What was that BlackBerry commercial you just saw?

If you watched the Super Bowl, chances are you're scratching your head over BlackBerry's different commercial. CNET gets the lowdown on the spot from the company's marketing chief.

BlackBerry ad
So did a clown just explode, or what? BlackBerry

Okay, so what now?

BlackBerry opted to go with the whimsical and fantastical with its Super Bowl commercial, showing what the new BlackBerry Z10can't do instead of what it can do. To say it's a little strange would be an understatement.

Indeed, it's a bold choice, one that some would argue might be a little head-scratching. But it's one that BlackBerry Chief Marketing Officer Frank Boulben believes will turn some heads and get consumers primed for a launch that's still more than a month away.

"The Super Bowl is a big wake-up call saying BlackBerry is back," Boulben told CNET. "It says there's something worth checking out."

With the BlackBerry phones generally getting good reviews (read CNET's review here), much of the company's success will ride on how well it markets the phone, and how strongly the carriers support it in their stories and with their sales reps. There are many examples of companies that failed despite great products and services, and BlackBerry is looking to avoid their past mistakes.

Which is where the Super Bowl ad comes in. Boulben says the commercial is a one-off event to take advantage of the Super Bowl's massive reach. The commercial is basically everything Boulben has said he wouldn't do for the campaign.

The commercial offers an early glimpse at the Z10 before things get weird. After he starts using the phone, the new BlackBerry customer briefly erupts in flames, grows elephant legs, teleports himself with a colorful poof, and turns an out-of-control truck into thousands of rubber ducks. The tagline: "In 30 seconds, it's quicker to show you what it can't do."

The ad asks interested viewers to check out BlackBerry's Z10 Web site to find out more information about the features of the smartphone.

With so many splashy commercials filling the airwaves during the Super Bowl, BlackBerry wanted to do something different from the traditional ad showing off features such as the Z10's Hub or Peek. Boulben, however, said the testing on the commercial has been positive. He noted it would be a "one-off" spot unrelated to the rest of the campaign.

"We wanted to do something that breaks the conventions of the category," he said. "If you do a traditional commercial at the Super Bowl, it will fall flat."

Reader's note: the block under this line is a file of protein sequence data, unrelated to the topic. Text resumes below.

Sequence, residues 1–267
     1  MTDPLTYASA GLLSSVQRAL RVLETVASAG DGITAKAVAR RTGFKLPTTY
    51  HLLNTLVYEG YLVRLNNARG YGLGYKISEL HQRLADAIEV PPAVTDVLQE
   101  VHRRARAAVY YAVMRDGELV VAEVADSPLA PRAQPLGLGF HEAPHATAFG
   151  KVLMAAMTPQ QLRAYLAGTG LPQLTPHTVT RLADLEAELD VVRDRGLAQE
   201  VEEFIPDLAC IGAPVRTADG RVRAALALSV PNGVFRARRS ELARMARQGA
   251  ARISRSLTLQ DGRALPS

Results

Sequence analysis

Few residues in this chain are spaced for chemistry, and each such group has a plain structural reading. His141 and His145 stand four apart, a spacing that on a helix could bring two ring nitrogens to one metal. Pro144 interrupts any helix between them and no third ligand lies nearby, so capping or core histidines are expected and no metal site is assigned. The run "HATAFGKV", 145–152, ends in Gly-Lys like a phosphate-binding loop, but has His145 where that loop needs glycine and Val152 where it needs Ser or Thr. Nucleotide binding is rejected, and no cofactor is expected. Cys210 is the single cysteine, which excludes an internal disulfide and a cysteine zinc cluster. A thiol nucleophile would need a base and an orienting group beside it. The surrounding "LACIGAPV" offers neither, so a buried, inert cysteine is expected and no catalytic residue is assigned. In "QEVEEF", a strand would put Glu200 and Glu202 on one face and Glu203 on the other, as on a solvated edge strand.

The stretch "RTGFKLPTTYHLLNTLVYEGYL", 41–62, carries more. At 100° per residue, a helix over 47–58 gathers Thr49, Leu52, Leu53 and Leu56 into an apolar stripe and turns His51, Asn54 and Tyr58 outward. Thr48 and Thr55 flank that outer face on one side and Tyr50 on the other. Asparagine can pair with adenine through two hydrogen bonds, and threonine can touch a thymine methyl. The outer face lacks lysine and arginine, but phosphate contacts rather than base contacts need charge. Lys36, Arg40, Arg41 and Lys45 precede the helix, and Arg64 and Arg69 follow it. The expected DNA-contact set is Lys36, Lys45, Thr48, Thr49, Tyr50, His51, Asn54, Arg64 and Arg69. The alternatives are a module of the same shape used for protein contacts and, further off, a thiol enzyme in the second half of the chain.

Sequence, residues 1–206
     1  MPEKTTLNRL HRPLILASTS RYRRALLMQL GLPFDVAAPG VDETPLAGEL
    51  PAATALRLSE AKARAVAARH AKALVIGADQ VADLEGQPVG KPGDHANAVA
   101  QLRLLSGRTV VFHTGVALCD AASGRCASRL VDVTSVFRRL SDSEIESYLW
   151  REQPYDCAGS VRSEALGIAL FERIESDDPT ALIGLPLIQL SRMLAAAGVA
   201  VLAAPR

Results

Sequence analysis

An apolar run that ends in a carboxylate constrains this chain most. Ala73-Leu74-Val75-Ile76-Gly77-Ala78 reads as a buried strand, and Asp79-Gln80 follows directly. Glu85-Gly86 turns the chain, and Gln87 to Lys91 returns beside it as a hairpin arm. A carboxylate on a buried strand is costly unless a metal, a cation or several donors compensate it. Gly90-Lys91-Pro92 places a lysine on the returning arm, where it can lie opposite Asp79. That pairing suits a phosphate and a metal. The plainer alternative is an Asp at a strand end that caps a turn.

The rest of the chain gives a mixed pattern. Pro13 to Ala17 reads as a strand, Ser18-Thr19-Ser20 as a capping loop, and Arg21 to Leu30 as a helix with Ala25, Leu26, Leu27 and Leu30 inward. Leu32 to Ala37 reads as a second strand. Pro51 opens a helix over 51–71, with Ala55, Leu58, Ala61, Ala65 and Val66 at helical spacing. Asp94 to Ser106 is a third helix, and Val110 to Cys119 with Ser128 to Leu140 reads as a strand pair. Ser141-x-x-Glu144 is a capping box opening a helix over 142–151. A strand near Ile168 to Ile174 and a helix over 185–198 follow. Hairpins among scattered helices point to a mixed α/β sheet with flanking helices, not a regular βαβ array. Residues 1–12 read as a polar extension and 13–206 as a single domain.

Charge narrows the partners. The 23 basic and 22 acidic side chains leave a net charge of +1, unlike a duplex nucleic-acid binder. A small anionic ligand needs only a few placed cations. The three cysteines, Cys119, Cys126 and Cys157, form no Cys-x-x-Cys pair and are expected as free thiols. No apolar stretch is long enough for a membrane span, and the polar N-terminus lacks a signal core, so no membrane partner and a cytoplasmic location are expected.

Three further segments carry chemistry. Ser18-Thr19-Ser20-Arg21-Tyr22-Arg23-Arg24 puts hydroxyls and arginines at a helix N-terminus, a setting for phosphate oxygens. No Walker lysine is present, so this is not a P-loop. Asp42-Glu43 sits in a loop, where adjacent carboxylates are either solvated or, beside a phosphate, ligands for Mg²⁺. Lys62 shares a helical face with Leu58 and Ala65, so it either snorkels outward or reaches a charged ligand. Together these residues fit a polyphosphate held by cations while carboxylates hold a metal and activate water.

While the Z10 has launched elsewhere around the world, and will debut in Canada next week, the U.S. will be among the last countries to get the phone, thanks in part to the more rigorous testing process that it undergoes here. So BlackBerry has to deal with keeping the interest level high until mid-March, which is roughly when the Z10 should arrive in carrier stories.

Boulben said that during the dead period, he will attempt to keep interest going through online campaigns, mobile ads, YouTube, and social networks. The company will seed devices to celebrities and other high-profile figure to build buzz for the products. The goal is to drive traffic to the BlackBerry Web site, and then on to the pre-registration pages run by the carriers.

BlackBerry won't start its full campaign, titled "Keep Moving," until the Z10 launches next month, Boulben said, noting that he wanted to maximize the impact of the ads by having the smartphone available to consumers. The campaign would be more traditional and highlight the practical advantage of the features found on BlackBerry 10, he said.

BlackBerry would launch its campaign alongside the carriers, he said. But he wouldn't specify just how enthusiastically the carriers would support the new smartphones. He added that it was a good sign that the carriers came out during launch day to commit to the company, which is rarity in the industry.

"Behind the scenes, our teams and their teams are working night and day together," he said.

About the author

Roger Cheng is the executive editor in charge of breaking news for CNET News. Prior to this, he was on the telecommunications beat and wrote for Dow Jones Newswires and The Wall Street Journal for nearly a decade. He's a devoted Trojan alum and Los Angeles Lakers fan.

 

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